“Win the bet and Fury’s yours. Lose the bet and your ass is mine.” It seemed like a no-brainer — Rick Manning’s slightly inebriated offer. If he’d been sober, he’d have remembered indentured pilot, Diana “Mac” McAllister never lost a bet. All her life she’s dreamed of buying back her freedom and owning her own starship, and when Fury’s ne’er-do-well, irritating as hell captain all but hands Fury to her on a silver platter she figures she can’t lose. She figured wrong. That’s how the best pilot in the galaxy finds herself the indentured 1st mate of a crew that, thanks to her, has doubled in size. Too late, she finds out Fury is way more than a cargo ship. Fury is a ship with a history – a dangerous history, and one that Mac’s been a part of for a lot longer than she thinks. And Rick Manning is not above cheating at poker to get her right at the center of it all, exactly where he needs her to be.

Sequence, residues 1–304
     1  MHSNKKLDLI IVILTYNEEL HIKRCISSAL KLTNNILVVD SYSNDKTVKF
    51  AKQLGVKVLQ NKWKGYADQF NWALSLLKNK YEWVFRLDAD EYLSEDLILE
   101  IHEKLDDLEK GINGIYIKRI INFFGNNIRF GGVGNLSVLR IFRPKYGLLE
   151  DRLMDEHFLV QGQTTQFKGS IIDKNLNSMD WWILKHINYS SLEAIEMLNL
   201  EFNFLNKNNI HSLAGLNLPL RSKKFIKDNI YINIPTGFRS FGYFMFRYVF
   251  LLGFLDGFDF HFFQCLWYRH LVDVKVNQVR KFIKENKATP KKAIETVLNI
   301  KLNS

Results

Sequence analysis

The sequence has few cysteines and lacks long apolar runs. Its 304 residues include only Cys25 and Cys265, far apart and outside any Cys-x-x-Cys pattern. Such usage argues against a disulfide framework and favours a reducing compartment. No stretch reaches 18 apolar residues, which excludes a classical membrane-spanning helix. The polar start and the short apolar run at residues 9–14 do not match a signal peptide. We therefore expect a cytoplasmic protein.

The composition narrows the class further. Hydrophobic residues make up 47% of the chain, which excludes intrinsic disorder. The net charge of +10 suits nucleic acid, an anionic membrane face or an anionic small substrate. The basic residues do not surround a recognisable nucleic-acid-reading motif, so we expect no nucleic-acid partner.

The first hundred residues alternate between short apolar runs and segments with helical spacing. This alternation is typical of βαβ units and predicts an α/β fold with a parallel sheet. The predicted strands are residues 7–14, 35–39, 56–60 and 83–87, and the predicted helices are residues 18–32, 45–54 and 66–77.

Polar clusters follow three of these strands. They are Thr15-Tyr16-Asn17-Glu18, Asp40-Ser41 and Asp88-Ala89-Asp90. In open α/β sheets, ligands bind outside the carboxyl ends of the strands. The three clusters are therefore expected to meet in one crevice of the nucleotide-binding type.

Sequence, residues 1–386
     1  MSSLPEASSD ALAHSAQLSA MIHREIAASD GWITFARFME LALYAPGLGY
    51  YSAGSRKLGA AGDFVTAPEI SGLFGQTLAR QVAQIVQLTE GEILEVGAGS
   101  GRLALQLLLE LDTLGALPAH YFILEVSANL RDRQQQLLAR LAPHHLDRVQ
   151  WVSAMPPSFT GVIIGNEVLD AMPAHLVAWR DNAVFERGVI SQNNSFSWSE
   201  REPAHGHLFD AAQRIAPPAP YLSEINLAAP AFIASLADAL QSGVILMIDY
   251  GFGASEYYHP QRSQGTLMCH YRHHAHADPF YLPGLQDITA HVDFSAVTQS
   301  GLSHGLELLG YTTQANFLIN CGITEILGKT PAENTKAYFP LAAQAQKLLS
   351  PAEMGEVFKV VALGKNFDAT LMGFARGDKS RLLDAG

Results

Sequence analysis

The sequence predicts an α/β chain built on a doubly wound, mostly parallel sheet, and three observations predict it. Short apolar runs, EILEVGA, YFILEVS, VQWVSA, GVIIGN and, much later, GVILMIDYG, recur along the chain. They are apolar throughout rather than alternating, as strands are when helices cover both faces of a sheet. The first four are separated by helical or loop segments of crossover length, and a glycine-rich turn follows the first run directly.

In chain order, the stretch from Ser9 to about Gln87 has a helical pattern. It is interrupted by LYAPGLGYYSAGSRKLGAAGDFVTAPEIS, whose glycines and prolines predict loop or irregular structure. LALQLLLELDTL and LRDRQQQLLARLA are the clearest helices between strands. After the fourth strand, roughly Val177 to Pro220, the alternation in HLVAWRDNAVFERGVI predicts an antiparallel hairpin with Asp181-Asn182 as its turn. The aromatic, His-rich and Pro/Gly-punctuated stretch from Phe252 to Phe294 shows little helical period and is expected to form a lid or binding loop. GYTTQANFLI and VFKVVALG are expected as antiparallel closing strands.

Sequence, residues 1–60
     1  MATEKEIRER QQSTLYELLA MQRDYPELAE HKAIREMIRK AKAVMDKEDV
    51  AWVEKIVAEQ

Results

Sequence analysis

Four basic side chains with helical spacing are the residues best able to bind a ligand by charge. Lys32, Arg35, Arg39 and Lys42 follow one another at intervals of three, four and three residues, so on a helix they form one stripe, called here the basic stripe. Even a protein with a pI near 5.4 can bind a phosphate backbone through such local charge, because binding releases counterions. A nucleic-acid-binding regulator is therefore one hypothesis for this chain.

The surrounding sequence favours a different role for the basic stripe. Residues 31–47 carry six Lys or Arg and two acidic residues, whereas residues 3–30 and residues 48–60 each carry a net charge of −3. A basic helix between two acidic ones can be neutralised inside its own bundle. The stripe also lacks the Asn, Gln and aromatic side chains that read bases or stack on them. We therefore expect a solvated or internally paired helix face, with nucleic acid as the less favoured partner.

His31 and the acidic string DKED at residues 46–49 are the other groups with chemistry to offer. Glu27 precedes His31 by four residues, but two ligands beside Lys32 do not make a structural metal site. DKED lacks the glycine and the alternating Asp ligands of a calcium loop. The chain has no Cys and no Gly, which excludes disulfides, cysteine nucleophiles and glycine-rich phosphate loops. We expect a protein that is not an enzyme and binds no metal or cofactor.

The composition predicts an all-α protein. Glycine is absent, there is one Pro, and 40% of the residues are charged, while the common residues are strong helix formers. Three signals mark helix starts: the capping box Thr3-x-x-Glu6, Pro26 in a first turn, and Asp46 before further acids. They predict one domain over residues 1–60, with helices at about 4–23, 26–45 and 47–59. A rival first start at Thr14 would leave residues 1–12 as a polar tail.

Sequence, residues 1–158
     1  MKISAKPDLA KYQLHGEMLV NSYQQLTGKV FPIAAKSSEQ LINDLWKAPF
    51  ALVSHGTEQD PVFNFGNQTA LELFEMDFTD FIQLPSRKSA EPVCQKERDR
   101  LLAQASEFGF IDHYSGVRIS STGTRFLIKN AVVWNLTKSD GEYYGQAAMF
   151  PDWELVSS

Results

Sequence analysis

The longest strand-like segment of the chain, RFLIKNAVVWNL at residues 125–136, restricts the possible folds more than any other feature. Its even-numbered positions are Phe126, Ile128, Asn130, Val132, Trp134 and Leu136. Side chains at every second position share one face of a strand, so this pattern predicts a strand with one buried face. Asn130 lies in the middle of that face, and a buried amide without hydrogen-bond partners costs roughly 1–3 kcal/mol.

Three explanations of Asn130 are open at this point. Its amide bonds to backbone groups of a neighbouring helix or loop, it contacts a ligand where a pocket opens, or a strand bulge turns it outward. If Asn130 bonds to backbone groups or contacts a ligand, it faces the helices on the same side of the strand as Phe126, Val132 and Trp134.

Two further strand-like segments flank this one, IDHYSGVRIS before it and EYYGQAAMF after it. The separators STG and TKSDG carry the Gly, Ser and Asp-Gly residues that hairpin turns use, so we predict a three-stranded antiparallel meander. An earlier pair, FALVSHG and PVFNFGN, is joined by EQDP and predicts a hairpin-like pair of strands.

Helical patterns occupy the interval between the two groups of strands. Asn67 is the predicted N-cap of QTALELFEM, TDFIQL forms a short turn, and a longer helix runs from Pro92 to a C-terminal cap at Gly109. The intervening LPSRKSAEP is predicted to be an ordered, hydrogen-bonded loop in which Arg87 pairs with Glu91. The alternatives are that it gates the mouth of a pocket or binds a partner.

Piloting Fury Part 56: The Heart of SNT1

We were not alone and yet it felt as though we were. Stanislavsky remained onboard with Fallon, who still needed to be monitored, and Rab would not leave Fallon. It came as a big surprise to me, that the two had somehow bonded so. I could hardly think of two people less companionable. The human cargo bay had been isolated so that no one within could feel what would be going on without, and we would not sense the presence of those within either.

Manning held my hand and guided me back into the elevator that led away from the lower cargo bay. I had expected us to go up to the bridge, but instead Fury surprised me by stopping at a place somewhere in between.

“Where are we,” I asked.

“I have taken you to my heart,” Fury responded. “It is the place to which I should have taken you in the beginning, but I was afraid.”

“I would have never denied you, Fury. If I had taken you to my heart you’d have known that. But I guess I was afraid too.”

“And you are afraid now,” he commented, “as am I.”

“Yes,” I forced a weak laugh. “Can’t you tell?”